Let's say we have a $100 economy. GDP is $100 in "year one."
Or GDP could be 100 percent, or 100 conceptual units of output or 100 "apples and oranges" or 100 "atoms and sweat." Whatever's the easiest way for you to think about it. For me, it's dollars.
So we have GDP at 100. And let's say we have no debt at all, to start with. Zero debt.
That's probably not realistic, for a developed economy. Call it a simplification.
I want to look at the effect of credit-use in this little economy. Let's say we borrow an amount equal to 6% of GDP each year. I don't know how that compares to the real world, but just say.
And say we pay back, on average, 4% of our outstanding debt each year.
And one more thing. Say our credit efficiency is 80%. In other words, every dollar of new credit-use boosts GDP by 80 cents. That's pretty high, I think.
I'm not saying any of these numbers are realistic. But they do produce interesting results in a spreadsheet:
1. Even though debt starts at zero, it rises rapidly and soon is greater than GDP.
2. As the accumulation of debt grows in size, the increase in GDP gradually falls off. GDP reaches a peak and starts to decline as the drag from debt repayment grows relative to the boost from credit use.
3. This outcome is purely mathematical. The decline of GDP is the consequence of simple arithmetic. There is no politics in it. There is no China in it. There is no peak oil in it. There is no regulation in it. The only operative factor is the accumulation of debt.
You can fiddle with the spreadsheet. I saved it as a Google Docs template, so if your fiddling messes it up, you can open a fresh copy. Click this link to bring up the Google Docs template preview. Click the "Use this template" button to open the spreadsheet.
If you can't access the spreadsheet: The Google Docs help says You need to be signed in to your Google Account in order to use a template. ...Or maybe the template got deleted again, and I'll have to find a different way to make it available.
I involved my son Jerry in testing the spreadsheet. He wrote back,
This is a neat idea. I'm trying to think if i could make a little web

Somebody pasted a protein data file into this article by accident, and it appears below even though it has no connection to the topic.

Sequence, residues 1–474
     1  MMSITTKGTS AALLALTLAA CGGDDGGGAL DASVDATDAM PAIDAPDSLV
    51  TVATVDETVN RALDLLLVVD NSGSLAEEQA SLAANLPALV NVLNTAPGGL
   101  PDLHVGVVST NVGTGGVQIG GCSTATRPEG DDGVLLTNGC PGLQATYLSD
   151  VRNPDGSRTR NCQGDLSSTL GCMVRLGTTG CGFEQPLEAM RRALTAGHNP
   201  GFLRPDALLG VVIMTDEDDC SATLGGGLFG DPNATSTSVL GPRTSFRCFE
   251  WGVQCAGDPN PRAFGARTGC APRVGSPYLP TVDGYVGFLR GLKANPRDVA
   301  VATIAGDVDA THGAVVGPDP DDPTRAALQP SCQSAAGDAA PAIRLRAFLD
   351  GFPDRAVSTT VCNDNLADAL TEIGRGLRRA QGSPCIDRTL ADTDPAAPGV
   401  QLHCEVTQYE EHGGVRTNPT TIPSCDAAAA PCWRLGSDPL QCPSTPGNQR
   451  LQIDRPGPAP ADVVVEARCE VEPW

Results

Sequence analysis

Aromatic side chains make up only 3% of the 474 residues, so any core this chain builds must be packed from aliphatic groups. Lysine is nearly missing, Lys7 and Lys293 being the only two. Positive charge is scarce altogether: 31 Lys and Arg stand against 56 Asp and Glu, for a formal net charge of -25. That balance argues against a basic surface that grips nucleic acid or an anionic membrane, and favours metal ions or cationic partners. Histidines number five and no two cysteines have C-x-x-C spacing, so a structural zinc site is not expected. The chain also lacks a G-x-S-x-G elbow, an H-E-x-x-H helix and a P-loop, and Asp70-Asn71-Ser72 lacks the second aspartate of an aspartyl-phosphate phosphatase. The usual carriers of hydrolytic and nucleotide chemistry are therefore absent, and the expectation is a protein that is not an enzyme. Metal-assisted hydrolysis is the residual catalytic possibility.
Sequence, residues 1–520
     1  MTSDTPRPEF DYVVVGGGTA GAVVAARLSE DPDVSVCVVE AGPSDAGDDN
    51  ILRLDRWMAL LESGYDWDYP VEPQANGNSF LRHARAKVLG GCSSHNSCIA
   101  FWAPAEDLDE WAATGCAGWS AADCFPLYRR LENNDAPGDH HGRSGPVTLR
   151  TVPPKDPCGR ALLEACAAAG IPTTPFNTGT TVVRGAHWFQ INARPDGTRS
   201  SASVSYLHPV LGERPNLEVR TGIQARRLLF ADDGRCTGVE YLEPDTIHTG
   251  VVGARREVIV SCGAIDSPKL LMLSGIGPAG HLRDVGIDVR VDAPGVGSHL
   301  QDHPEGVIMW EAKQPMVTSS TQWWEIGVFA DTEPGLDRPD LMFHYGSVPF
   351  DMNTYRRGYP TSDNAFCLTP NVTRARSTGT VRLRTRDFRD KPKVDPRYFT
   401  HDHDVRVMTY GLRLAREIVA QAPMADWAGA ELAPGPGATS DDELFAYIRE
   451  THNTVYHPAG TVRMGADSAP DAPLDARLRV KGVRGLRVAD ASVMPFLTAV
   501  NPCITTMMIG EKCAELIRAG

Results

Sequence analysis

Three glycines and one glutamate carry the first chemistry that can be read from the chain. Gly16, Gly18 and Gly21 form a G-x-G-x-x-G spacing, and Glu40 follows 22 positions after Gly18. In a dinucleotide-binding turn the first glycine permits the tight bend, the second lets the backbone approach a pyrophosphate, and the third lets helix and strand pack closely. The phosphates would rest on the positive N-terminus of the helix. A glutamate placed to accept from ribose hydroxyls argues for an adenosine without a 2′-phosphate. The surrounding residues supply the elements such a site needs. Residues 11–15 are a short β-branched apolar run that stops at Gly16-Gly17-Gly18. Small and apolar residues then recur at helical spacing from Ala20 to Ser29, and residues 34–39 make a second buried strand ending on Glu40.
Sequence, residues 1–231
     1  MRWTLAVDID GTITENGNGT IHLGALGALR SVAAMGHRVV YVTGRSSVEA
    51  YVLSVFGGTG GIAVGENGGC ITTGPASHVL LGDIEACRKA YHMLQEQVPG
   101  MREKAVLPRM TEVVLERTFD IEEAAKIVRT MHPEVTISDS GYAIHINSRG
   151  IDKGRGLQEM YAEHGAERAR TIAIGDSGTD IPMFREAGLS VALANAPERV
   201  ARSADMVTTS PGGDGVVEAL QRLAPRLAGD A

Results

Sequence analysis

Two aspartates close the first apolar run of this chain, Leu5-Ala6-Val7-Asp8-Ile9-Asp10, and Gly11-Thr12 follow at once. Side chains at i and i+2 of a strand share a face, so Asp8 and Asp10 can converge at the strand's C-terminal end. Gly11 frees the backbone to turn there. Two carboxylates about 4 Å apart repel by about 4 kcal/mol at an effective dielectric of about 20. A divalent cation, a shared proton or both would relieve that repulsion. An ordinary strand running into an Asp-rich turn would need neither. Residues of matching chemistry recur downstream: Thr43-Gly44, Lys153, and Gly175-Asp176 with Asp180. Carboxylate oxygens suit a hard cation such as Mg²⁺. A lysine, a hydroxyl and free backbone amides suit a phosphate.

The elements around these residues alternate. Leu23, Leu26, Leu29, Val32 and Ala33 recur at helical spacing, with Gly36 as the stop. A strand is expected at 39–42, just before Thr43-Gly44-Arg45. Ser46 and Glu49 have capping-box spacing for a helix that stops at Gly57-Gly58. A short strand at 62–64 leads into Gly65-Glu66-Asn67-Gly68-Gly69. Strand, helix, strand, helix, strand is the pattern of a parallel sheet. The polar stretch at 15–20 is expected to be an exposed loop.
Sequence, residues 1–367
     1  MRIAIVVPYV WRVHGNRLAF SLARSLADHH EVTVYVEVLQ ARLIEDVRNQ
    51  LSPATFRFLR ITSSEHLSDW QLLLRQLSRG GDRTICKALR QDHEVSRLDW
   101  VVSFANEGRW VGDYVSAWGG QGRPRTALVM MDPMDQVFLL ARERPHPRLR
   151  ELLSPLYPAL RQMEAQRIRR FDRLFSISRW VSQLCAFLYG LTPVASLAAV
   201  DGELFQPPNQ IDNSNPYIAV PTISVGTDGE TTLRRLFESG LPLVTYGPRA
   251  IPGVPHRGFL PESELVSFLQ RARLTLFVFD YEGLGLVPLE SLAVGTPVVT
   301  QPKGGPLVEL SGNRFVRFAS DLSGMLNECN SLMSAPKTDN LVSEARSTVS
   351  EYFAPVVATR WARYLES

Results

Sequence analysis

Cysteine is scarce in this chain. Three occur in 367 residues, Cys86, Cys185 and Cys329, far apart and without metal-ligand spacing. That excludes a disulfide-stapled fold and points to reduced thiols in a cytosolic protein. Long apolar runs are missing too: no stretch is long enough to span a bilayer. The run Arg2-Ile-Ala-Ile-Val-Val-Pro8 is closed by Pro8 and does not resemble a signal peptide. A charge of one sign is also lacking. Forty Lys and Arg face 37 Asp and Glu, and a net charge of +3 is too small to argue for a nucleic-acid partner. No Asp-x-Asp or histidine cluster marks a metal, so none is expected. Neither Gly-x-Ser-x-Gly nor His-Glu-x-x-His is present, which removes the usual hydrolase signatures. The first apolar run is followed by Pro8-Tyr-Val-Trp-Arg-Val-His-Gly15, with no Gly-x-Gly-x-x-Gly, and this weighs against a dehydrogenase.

app to do it...
That was at 10:30 in the morning. By 1:00 in the afternoon, he had it working and was into revisions already:
hmmm... there is something missing from the model, here: interest and
minimum payments. As it is, i think the best solution is to set debt
repayment to 0 - then GDP just grows for ever !
And making my spreadsheet into a template -- that was my daughter-in-law's idea. All in all, a big family day for me.
Here's the link to Jerry's version of our Debt Accumulation economic model.
Notes on the calculations:
I set the sheet up so you only have to change numbers in the top row.
In the top row of my spreadsheet are three numbers. In Column D, above the words "New Credit Use" is the value 6.00%. You can change this number. The number in cell D1 is used to figure the "credit-use" values in column D. For any row, the "new credit use" value is 6% of the GDP value in that row: 6%, or whatever percent is in cell D1.
Above the words "Debt Repayment", in cell E1 is the number 4.00%. You can change this number. The number in cell E1 is used to figure the "debt repayment" values in column E. For any row, the "debt repayment" number is 4% of the Accumulated Debt number in column C on that row: 4%, or whatever percent is in cell E1.
Don't get mixed up between the "Year" numbers in column A, and the row numbers of the spreadsheet which are to the left of the "Year" numbers.
The third number in row 1 of the spreadsheet is 80.00%, in cell F1. This is the credit efficiency number, used to figure the "GDP Boost" values. Each GDP Boost number is figured as 80% of the "new credit use" value, less the "debt repayment" value from that row. Again, 80% or whatever percent is in cell F1.
It takes a lot of words to put calculations into English. But the arithmetic is simple. And the arithmetic tells me that the accumulation of debt puts downward pressure on GDP. The graph shows it.